And what about the radium therapy apparatus used to shrink tumour prior to surgery by brothers Ernest and Frank Carling at Westminster Hospital in London in the 1930’s (as seen above: photo left ©CécileFaure, photo right loan courtesy of the Welcome Collection ©ScienceMuseumGroup) ?
Tech against Cancer – Meet the team
As the visitor progresses through the exhibition, new technologies and great breakthroughs are explained by those, women and men, who are working everyday to develop new means to fight cancer, a disease that will touch one in two of us.
“This exhibition is a unique opportunity for the Cancer Research UK to demonstrate some of the remarkable research that has been conducted in the United Kingdom and increasingly across the globe in a very immersive way, to improve the public’s knowledge and understanding of the disease, to reduce the scare factor and improve hope in patients as well as healthy individuals”. Professor Charles Swanton
Do not expect to be out of this room any time soon. The truth is that, one might be overwhelmed by the plethora of innovations that relentless scientists are developing, and thankful for the hope there is one day to make cancer a non-life threatening disease anymore.
” From this exhibition we get this sens of wonder of scientific discovery that brings hope to patients that one day we will improve outcomes. I was born in 1972. Then, only 40 % of women diagnosed with breast cancer would have a chance of cure. Today, 80 % of those women have a chance of cure. […] Let’s hope we are in the last chapter of cancer research.” Professor Charles Swanton
So what is on offer ? Amongst the many revolutionary devices and treatments explained throughout the exhibition, one may learn about the following.
A life-size photo of the Proton Beam Therapy equipment transports us in what would be a futuristic world for the novice. But this new form of radiotherapy, that is currently only available on the NHS at The Christie Hospital in Manchester, is indeed already in use, targeting tumours with less damage to tissues and faster recovery with fewer associated side effects. It can treat both benign and malignant tumours, and is a suitable treatment for children and young adults.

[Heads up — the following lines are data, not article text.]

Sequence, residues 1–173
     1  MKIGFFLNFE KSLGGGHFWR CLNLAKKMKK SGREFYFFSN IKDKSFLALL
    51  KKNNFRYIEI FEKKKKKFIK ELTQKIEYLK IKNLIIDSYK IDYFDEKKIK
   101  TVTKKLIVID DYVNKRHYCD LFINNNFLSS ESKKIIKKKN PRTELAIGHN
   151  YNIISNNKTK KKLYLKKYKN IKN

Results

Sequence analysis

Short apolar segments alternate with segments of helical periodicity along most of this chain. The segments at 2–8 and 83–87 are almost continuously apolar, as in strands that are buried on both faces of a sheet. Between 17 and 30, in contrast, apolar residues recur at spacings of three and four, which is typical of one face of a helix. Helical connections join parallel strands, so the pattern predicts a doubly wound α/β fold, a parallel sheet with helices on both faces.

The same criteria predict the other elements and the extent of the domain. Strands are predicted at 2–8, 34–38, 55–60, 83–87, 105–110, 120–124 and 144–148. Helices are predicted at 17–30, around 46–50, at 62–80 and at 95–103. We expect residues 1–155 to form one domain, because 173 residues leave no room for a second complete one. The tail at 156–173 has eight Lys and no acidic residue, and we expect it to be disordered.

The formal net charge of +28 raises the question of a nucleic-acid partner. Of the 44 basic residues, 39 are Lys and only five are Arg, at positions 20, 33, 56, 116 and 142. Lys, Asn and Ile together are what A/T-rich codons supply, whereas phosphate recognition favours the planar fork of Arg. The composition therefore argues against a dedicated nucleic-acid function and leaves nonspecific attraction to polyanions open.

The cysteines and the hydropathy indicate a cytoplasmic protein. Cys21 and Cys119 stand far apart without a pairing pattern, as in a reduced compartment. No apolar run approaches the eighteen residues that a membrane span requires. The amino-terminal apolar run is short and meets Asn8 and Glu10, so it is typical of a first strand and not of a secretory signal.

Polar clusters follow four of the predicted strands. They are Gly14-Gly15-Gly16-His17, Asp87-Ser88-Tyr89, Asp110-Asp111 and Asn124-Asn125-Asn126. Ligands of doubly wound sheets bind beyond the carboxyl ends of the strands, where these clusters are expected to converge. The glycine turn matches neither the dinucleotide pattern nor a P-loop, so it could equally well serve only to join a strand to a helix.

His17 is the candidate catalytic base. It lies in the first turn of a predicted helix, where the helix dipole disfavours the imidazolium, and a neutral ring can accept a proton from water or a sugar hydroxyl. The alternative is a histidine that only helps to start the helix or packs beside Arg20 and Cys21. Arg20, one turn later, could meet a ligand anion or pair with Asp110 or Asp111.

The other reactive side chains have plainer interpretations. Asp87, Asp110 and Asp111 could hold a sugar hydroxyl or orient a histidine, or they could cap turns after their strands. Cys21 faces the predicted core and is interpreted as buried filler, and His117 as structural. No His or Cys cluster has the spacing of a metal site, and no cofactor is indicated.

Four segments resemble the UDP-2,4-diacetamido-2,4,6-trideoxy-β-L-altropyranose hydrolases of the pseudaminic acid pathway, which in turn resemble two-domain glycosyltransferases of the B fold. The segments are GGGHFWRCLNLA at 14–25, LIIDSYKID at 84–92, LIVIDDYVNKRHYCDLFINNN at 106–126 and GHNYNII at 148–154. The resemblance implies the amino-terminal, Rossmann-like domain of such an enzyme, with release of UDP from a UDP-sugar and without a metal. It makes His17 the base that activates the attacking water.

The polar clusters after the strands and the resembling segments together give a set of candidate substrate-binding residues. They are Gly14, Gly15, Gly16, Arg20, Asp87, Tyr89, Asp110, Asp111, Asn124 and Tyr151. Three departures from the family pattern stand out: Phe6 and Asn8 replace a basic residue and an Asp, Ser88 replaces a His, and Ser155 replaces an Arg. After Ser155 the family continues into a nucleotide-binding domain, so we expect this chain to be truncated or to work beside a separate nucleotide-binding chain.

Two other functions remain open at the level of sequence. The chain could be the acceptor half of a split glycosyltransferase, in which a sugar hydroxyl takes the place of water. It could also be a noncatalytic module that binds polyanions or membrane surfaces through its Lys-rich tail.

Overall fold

A very special sponge developed by Professor Rebecca Fitzgerald of MRC Cancer Unit of the University of Cambridge. The cytosponge, swallowed as a pill, opens as a cell sampling sponge used to detect abnormal cells that may increase the risk of oesophageal cancer, a disease more frequent over the past 30 years, before being retrieved through the mouth.
The drug Olaparib, sold under the brand name Lynparza, developed and first dosed into patients by KuDOS Pharmaceuticals founded by Stephen Jackson of Cambridge University. This medication is a PARP (poly ADP ribose polymerase – an enzyme involved in DNA repair) inhibitor and is used against cancers in patients with hereditary BRCA1 or BRCA2 mutations, which include some ovarian, breast, and prostate cancers.
The i-knife that stands for intelligent knife invented by Professor Zoltan Takats, from Imperial College London, and used at The Royal Marsden Hospital. As the knife cuts through the tissues where the malignant tumour is, it collects samples that are analysed simultaneously, and tells the surgeon when and where she/he may stop.
A method of sampling elaborated by Professor Caroline Dive and her team from Cancer Research Institute in Manchester to track through blood tests how and when a patient’s cancer is becoming resistant to treatment through developing tests looking for cancer cells that have broken free from tumours and circulate in the blood. Less invasive, it may help predict which patient benefits more from one treatment than another.
Predicting and tracking cancer is the next move to getting a step ahead of the disease and increase positive outcomes for patients. Research in new treatments and early diagnosis is fundamental to make cancer a “disease of the past”. This is the ultimate object of this incredibly insightful exhibition not to miss if in London: to teach the public about advancements and raise awareness in how crucial it is to support doctors and nurses as well as scientists who work relentlessly to beat cancer.
“Cancer is relentless. So are we” Cancer Research UK
The exhibition has been made possible thanks to the support of Cancer Research UK, Pfizer and John S Cohen Foundation and Julian Howard.
Access to the exhibition is free, however…
At the end of the exhibition, there is a discreet stand from Cancer Research UK that tells the incredible work of this institution and the QRCode displayed takes the visitor to its website.
It is possible to make a donation here by clicking on the image below. However small it might be, this donation will make an immense difference to both research and patients’s lives.